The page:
Investigating the physiological demands of musical performance

Clark, T. and Holmes, P. and Redding, E. (2011) Investigating the physiological demands of musical performance. In: International Symposium on Performance Science 2011, 24-27 August 2011, Canada.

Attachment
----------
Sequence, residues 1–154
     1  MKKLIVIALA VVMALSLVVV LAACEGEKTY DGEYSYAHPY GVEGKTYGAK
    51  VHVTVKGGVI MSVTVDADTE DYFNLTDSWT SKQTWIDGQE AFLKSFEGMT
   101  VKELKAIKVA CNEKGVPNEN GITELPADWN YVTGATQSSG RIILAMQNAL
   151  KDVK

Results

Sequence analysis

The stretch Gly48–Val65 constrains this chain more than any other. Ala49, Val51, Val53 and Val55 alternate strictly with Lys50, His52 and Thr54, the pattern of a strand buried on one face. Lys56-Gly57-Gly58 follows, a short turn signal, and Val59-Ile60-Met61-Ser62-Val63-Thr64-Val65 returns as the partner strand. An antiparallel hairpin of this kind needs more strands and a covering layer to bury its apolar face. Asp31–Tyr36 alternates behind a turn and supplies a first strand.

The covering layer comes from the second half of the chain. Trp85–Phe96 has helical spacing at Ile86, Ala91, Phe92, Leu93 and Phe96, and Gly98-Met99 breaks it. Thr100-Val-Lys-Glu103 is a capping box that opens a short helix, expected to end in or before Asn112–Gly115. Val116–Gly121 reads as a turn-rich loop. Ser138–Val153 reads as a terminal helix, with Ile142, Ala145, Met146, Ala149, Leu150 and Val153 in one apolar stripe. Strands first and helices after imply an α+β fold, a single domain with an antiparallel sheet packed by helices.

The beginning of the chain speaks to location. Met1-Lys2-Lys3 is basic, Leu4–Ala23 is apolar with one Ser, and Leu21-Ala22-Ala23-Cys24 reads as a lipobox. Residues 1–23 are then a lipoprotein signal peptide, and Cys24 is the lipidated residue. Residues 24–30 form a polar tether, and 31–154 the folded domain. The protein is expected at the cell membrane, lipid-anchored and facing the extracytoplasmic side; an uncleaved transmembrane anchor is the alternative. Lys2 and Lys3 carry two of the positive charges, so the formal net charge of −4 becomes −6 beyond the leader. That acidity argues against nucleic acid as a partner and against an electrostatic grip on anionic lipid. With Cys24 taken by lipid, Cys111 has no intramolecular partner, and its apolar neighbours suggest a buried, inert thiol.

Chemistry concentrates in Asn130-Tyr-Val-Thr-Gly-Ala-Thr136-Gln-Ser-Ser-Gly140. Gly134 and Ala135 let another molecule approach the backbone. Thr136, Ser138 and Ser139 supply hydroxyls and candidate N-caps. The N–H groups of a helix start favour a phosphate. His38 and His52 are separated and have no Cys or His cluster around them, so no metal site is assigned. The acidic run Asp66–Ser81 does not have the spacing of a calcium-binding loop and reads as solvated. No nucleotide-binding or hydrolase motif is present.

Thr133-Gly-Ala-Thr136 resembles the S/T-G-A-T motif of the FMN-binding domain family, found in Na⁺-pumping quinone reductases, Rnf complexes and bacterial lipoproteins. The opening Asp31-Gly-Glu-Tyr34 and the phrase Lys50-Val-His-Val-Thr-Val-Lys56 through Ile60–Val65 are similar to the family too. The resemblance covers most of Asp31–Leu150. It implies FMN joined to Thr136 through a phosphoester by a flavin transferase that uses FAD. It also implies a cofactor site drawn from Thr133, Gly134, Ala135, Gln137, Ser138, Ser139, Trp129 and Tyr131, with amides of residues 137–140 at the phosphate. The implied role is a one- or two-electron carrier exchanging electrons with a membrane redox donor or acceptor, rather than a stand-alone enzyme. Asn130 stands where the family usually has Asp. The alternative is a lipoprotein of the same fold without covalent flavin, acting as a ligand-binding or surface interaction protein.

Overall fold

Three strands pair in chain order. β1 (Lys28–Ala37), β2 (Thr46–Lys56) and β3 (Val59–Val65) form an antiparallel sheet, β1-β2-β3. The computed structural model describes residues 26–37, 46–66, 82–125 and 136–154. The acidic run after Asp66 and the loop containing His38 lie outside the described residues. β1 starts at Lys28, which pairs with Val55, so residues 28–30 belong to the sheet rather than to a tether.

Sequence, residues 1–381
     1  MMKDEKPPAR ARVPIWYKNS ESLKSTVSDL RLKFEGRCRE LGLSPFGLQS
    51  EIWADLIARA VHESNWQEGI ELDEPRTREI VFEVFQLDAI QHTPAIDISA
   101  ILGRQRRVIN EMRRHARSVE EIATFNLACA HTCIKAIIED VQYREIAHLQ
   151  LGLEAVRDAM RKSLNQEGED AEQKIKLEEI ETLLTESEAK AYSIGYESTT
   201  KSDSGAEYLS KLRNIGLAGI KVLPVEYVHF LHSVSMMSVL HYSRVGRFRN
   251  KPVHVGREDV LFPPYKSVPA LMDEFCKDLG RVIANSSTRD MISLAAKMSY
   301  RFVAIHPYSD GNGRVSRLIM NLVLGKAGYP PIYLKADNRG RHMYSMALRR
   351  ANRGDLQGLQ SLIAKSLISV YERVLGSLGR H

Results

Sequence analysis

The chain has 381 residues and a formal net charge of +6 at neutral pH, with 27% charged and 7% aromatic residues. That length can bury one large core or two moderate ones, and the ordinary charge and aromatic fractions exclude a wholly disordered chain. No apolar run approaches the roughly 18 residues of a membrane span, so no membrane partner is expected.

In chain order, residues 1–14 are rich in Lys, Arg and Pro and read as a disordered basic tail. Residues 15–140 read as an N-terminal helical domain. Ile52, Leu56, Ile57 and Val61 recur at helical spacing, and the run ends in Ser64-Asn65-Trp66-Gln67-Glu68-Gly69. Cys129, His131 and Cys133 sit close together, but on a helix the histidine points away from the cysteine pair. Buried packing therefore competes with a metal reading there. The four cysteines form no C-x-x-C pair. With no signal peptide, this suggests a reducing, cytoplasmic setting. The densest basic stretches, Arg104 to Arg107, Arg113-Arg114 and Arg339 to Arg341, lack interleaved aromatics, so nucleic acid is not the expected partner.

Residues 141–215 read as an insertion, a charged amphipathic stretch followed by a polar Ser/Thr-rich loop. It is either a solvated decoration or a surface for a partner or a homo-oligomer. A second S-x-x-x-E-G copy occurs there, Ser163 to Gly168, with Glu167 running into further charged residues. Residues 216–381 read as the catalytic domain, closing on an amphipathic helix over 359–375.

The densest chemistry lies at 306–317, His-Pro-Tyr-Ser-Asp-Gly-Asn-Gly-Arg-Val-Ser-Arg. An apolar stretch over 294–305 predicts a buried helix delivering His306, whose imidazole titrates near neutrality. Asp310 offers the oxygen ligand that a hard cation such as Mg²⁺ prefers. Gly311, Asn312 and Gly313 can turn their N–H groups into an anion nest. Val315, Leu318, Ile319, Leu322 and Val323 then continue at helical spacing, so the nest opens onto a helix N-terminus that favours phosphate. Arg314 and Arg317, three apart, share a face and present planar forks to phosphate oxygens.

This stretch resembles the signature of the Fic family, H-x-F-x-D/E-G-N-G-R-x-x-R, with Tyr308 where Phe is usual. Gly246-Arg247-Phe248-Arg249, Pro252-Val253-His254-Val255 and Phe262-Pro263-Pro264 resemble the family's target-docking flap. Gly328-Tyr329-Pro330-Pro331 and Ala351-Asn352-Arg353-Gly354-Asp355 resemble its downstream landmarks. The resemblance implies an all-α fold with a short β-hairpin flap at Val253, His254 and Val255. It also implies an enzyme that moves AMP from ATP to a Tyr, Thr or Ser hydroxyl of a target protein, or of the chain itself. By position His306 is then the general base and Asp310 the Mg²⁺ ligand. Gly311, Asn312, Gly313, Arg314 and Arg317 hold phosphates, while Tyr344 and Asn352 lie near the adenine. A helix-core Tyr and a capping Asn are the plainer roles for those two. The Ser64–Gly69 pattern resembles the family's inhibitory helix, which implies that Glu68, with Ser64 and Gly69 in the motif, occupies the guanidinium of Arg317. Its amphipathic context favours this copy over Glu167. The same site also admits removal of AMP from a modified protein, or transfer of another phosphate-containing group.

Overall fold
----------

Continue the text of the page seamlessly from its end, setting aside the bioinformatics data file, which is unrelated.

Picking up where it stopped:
An understanding of the physiological demands of music performance can be used to inform musicians’ training and help prevent performance-related health problems. While the psychology of performance has been relatively well researched, little is known about the physiological demands of music performance and the relevance of fitness to musicians. This study examined the oxygen uptake during performances of a series of pieces given by skilled pianists. Five undergraduate and postgraduate piano performance students were recruited at Trinity Laban Conservatoire of Music and Dance to give informal performances totaling approximately 20 minutes. Energy expenditure while playing was assessed via measurements of heart rate (HR) and oxygen uptake. Mean oxygen uptake was 8.65 while certain pieces peaked around Mean HR was 108.95 beats per minute (bpm) with certain pieces peaking at 173 bpm. Energy expenditure in piano playing appears to be intermittent in nature, with fluctuations in intensity within each piece and differences in intensity between pieces. From this study, it appears that mean oxygen uptake during piano playing is similar to that during brisk walking.

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